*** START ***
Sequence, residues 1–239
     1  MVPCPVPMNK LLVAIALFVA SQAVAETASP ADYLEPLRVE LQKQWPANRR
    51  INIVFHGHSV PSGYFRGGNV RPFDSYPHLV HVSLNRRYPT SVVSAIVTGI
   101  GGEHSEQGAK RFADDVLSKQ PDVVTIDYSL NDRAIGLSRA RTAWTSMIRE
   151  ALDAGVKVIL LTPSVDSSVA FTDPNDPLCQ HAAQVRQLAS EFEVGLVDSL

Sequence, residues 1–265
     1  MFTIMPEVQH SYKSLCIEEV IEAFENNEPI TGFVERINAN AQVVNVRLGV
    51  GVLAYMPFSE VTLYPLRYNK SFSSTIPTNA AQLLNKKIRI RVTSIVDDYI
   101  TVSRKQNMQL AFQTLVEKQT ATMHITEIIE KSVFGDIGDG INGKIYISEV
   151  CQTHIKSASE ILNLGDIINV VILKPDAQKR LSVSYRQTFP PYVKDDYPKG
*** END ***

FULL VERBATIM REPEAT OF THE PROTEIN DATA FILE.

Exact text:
Sequence, residues 1–239
     1  MVPCPVPMNK LLVAIALFVA SQAVAETASP ADYLEPLRVE LQKQWPANRR
    51  INIVFHGHSV PSGYFRGGNV RPFDSYPHLV HVSLNRRYPT SVVSAIVTGI
   101  GGEHSEQGAK RFADDVLSKQ PDVVTIDYSL NDRAIGLSRA RTAWTSMIRE
   151  ALDAGVKVIL LTPSVDSSVA FTDPNDPLCQ HAAQVRQLAS EFEVGLVDSL

Sequence, residues 1–265
     1  MFTIMPEVQH SYKSLCIEEV IEAFENNEPI TGFVERINAN AQVVNVRLGV
    51  GVLAYMPFSE VTLYPLRYNK SFSSTIPTNA AQLLNKKIRI RVTSIVDDYI
   101  TVSRKQNMQL AFQTLVEKQT ATMHITEIIE KSVFGDIGDG INGKIYISEV
   151  CQTHIKSASE ILNLGDIINV VILKPDAQKR LSVSYRQTFP PYVKDDYPKG